An Oxford University professor has said that we must legalise performance enhancing drugs in order to prevent the prevalence of organised crime around doping.
Julian Savulescu, originally from Australia, says that it's an impossible task to completely ban all substances, and that it puts riders' health at risk. Instead, he says, the focus should be on reducing the harm to the riders.
''The goal at the moment is to pick up anything that has a performance-enhancing effect, no matter how small the amount. That's obviously an unachievable task,'' Savulescu told Fairfax Media. ''You can't pick up a molecule of testosterone or a single molecule of growth hormone, yet that is what they're trying to do. Instead, the goalposts should be shifted to harm reduction, where you pick up unsafe amounts or unsafe practices.
''As soon as people hear 'drugs' they think heroin and people dead in the streets. But caffeine is an artificial [performance-enhancing] substance while testosterone and growth hormone are naturally produced by the body. The way forward is to look at that bandwidth more critically and see what things are dangerous, in what amounts and do we really want to ban something.
''At the moment, as soon as something is seen to be performance-enhancing it's on the banned list. It's a nonsense.''
Savulescu, who edits the Journal of Medical Ethics, says that two decades of failure around the Tour de France proves his point.
''People have died from cycling accidents from being hit by cars - and Lance Armstrong is as fit as a trout,'' he said. ''The only time cyclists have died is through recreational drug use and through unsafe blood practices like using dodgy blood that's not properly stored, or using somebody else's blood.
''Lance Armstrong passed 200 doping tests yet he has been on a cocktail of doping substances. He's taking them in amounts that were enhancing his performances without affecting his health.
''The only thing that has ruined cycling over the past 15 years is people, left right and centre, having their medals removed and then somebody else [is] implicated in cheating. We need more-enforceable laws.''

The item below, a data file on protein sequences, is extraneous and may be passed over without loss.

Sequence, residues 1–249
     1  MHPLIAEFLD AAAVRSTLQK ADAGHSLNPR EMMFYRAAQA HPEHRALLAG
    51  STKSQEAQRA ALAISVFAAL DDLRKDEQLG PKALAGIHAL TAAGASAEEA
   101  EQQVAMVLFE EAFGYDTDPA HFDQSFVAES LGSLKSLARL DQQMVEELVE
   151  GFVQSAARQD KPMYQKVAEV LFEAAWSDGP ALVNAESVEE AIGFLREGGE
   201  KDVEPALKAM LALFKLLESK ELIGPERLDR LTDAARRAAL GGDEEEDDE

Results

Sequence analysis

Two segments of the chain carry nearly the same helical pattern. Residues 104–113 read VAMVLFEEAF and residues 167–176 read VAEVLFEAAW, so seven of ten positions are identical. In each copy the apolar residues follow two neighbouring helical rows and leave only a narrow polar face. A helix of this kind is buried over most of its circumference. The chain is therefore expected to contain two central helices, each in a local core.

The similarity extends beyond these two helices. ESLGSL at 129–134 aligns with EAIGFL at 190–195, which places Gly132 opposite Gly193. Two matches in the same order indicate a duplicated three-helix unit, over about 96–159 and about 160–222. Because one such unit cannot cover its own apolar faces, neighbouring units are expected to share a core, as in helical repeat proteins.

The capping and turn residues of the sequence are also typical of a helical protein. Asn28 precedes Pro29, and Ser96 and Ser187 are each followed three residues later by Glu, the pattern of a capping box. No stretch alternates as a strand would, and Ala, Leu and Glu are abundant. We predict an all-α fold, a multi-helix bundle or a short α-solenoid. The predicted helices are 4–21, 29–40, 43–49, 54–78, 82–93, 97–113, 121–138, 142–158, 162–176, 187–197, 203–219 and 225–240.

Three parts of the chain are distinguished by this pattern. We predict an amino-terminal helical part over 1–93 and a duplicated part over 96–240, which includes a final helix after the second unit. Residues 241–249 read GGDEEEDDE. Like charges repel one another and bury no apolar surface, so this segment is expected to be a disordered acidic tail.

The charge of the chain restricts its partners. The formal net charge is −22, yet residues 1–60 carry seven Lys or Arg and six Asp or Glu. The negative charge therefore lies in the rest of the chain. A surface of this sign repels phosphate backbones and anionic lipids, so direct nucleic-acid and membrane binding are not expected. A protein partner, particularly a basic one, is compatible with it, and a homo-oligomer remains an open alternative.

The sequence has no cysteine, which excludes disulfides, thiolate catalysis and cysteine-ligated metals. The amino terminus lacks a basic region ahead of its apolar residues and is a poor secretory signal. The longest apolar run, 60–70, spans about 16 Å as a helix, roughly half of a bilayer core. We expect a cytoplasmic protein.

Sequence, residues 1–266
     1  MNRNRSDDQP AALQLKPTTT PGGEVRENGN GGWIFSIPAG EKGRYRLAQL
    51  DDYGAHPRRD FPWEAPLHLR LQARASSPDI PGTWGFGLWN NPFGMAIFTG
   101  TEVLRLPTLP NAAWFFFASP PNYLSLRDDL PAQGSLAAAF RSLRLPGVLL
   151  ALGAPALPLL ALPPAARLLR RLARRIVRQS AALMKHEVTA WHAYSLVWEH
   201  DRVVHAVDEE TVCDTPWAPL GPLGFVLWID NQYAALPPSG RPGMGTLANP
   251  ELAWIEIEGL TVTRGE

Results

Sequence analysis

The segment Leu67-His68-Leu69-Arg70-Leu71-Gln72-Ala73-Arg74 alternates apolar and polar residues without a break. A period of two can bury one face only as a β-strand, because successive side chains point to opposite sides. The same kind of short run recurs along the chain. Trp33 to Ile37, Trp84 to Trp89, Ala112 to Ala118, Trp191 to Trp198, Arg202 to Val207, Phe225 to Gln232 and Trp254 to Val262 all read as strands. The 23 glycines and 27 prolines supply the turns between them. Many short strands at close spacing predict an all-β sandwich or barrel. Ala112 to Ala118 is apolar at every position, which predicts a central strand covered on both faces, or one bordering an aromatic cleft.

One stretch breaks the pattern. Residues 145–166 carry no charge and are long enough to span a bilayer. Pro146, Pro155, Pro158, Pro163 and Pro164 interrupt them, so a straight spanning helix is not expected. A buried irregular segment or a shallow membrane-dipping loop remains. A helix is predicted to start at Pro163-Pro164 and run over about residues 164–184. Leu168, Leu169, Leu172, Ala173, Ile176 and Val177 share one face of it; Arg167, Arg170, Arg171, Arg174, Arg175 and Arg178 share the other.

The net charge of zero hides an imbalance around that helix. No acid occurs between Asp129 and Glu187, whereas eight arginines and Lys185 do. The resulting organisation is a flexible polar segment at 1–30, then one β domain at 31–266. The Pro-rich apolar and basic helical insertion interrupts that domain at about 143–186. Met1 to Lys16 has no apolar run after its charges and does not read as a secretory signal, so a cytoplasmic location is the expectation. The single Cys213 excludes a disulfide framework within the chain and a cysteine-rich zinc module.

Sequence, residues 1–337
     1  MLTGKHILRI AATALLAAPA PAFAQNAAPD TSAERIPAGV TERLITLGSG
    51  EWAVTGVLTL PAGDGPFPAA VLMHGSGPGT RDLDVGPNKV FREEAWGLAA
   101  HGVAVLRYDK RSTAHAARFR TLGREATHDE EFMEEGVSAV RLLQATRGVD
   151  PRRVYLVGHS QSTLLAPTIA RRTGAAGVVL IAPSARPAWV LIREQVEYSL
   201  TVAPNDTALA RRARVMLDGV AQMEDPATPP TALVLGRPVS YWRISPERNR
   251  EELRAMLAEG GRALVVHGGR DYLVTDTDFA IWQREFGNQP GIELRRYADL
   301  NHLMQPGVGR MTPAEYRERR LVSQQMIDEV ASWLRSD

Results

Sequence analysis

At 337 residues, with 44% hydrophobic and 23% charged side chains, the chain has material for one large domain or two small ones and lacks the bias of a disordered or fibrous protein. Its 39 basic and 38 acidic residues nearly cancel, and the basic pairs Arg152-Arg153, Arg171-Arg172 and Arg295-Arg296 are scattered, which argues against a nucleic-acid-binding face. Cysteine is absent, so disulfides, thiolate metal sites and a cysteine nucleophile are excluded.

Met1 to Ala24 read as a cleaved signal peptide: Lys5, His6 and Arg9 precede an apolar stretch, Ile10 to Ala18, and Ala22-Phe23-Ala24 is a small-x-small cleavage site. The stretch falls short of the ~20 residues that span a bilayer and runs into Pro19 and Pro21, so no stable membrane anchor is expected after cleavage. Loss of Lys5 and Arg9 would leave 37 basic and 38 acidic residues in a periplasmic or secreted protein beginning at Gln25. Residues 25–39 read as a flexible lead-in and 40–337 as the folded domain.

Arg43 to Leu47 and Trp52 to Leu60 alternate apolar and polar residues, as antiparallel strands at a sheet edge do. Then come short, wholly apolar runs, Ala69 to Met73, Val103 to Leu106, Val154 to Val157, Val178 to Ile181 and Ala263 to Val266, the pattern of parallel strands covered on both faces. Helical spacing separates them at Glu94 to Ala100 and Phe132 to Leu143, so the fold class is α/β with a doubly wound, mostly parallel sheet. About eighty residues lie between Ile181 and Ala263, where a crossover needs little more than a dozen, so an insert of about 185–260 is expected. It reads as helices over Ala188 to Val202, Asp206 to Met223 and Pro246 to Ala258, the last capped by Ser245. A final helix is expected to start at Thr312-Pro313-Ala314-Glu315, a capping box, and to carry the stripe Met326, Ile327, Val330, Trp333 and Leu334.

Savulescu says that he knows his is not the current thinking, as world sports agencies vy for a 'fresh start' and an end to doping at all.
''What I'm saying isn't going to be accepted at the current time. But there will be another scandal and then another … Eventually soccer will be shown to be rife with doping and there will be a huge push from European authorities.
''At the moment we're like a blinkered horse on the way to the knackery. It's going to get there!
''We need to take off the blinkers and think a little more broadly about the issue.''
Demonstration was great but not so keen on husband recent stuff
British Cycling are far more concerned about the culture wars than cycling. Well past their sell-by date.
I've just reviewed my old commute route to the station - it's less distance than the road using the Redways. In addition I get to cycle past...
No doubt, being Bath, the charges will relate to damaging a UNESCO site and nothing to do with motor offences.
Before the internet they wrote letters to local newspapers (RIP), I understand that green ink was compulsory.
Aye! It's tough for drivers oop in t'North. In Lancashire, even the MOT testing garages can't afford MOTs!
Slow news day?
Maybe they'll employ some sniffer dogs? Note - it's the City of London rather than being London, the city which would be much better.
I would definitely recommend looking at the hase pino, they do a kit to put kid sized pedals on the front so your child can participate. But unlike...
The TQ HPR50 motor is so small that is must be rattling around inside that huge bottom bracket area. I suppose it is some kind of inflection point...